The AIDS reporting initiative, Proposition 102, has now qualified for California's November ballot, stirring deep concern among many doctors and public-health workers. The concern is appropriate. This is a dangerous and potentially costly proposal that would undermine the present effective strategy for controlling AIDS.
There are two major provisions of the initiative:
--Requiring that all persons who test positive to the presence of the human immunodeficiency virus (HIV) that causes AIDS report themselves or be reported to public-health officials. The change would amend the elaborate rules of confidentiality now in place and terminate anonymous testing that has proved to be an effective control strategy.
--Ordering public-health officers to pursue the at-risk contacts of those who are infected, a project that could cost billions of dollars while serving, in most cases, only limited public-health purposes.
In limiting provisions for confidentiality and substituting mandatory for voluntary testing, the initiative challenges a basic finding of the Presidential Commission on the HIV Epidemic. "Rigorous maintenance of confidentiality is considered critical to the success of the public-health endeavor to prevent the transmission and spread of HIV infection," the commission concluded. "Current public-health strategies for fighting the spread of HIV infection are entirely dependent on voluntary cooperation."
In commanding an extensive program of partner tracing and notification, the initiative would impose a diversion of money from other more urgent needs identified by public-health officials in the areas of education and treatment. Indiscriminate tracing would cost millions, probably billions, of dollars. The wholesale-notification provisions contrast with the carefully crafted recommendations on notification of unsuspecting partners of infected persons developed by the American Medical Assn. and the presidential commission.
There appear to be many motives behind Proposition 102. Some doctors who are supporting the initiative are frustrated by existing laws restricting the ability of doctors to share AIDS test results with other health-care providers. That problem is now being addressed with legislation. Some of the sponsors, believing that AIDS has become a "politically protected" disease, argue that the existing policy is "ill-conceived and self-defeating," and that it is high time that HIV infection should be treated like other communicable diseases. That is the view of one sponsoring organization, California Physicians for a Logical AIDS Response, headed by Dr. Lawrence J. McNamee. He is a member of the Los Angeles County Medical Assn. AIDS Committee, but the committee itself has voted to oppose his initiative. Another sponsor, Rep. William E. Dannemeyer (R-Fullerton), has been a vigorous critic of proposals to protect AIDS-infected persons from discrimination on grounds that these are programs that encourage homosexuality and intravenous drug use because a majority of AIDS victims in the United States are male homosexuals and intravenous drug users. In making their criticisms, unfortunately, the sponsors of the initiative have offered no evidence that their sweeping proposals in the initiative would strengthen the efforts to contain the disease. In fact, they would not.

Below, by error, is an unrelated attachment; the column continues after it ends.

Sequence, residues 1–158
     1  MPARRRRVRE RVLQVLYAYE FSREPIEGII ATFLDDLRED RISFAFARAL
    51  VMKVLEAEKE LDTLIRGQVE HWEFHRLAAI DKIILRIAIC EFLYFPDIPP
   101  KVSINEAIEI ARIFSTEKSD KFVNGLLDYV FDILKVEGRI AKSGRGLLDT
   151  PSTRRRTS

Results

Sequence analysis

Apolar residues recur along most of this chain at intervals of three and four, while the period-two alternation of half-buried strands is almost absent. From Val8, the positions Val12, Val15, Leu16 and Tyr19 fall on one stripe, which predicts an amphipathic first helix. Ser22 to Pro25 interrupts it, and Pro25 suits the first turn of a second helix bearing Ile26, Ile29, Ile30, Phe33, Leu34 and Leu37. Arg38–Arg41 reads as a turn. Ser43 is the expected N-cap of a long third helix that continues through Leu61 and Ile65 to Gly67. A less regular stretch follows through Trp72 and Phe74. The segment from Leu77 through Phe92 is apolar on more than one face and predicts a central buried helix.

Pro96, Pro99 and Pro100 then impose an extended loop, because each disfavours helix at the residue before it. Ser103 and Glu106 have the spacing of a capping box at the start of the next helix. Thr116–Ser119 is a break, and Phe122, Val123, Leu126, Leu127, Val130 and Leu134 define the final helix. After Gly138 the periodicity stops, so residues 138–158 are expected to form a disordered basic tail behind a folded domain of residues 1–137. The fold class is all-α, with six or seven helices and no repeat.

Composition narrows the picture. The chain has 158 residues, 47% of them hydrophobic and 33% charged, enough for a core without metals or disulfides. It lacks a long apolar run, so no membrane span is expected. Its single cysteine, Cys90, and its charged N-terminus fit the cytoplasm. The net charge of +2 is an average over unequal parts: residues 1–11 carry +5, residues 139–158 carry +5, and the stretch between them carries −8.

The careless, counterproductive proposals of the initiative are particularly evident when its provisions are compared with the constructive proposals of the presidential AIDS commission, headed by Adm. James D. Watkins. Taken as a whole, the initiative would do great harm to the basic strategy supported by the presidential commission. The breaches in confidentiality alone could destroy the voluntary cooperation of high-risk populations that the presidential commission cited as essential. There are, no doubt about it, problems and imperfections in the AIDS program. The presidential commission identified two basic shortcomings in the present approach: an absence of anti-discrimination laws that would protect victims of the deadly disease, and inadequate funding of efforts to control the disease, including treatment for drug users. But the initiative addresses neither of these problems. Indeed, if adopted, Proposition 102 would exacerbate them. Dannemeyer has emphasized his opposition to anti-discrimination legislation. And the mandates for wholesale contact tracing would squander the already limited resources available.
It is not surprising, in the face of such flagrant defects in the initiative, that the California Medical Assn. and the California Nurses Assn. have gone to court seeking to bar the initiative from the ballot. Proposition 102 would appear to violate constitutional restrictions that initiatives be limited to a single subject. Regardless of the outcome of the suit, the challenge at least makes clear the depth of opposition by many of the best-informed health-care professionals, including most of those directly involved in the effort to contain the AIDS pandemic.
"The initiative is bad medicine and bad public health," according to Dr. Laurens White, president of the California Medical Assn. We agree.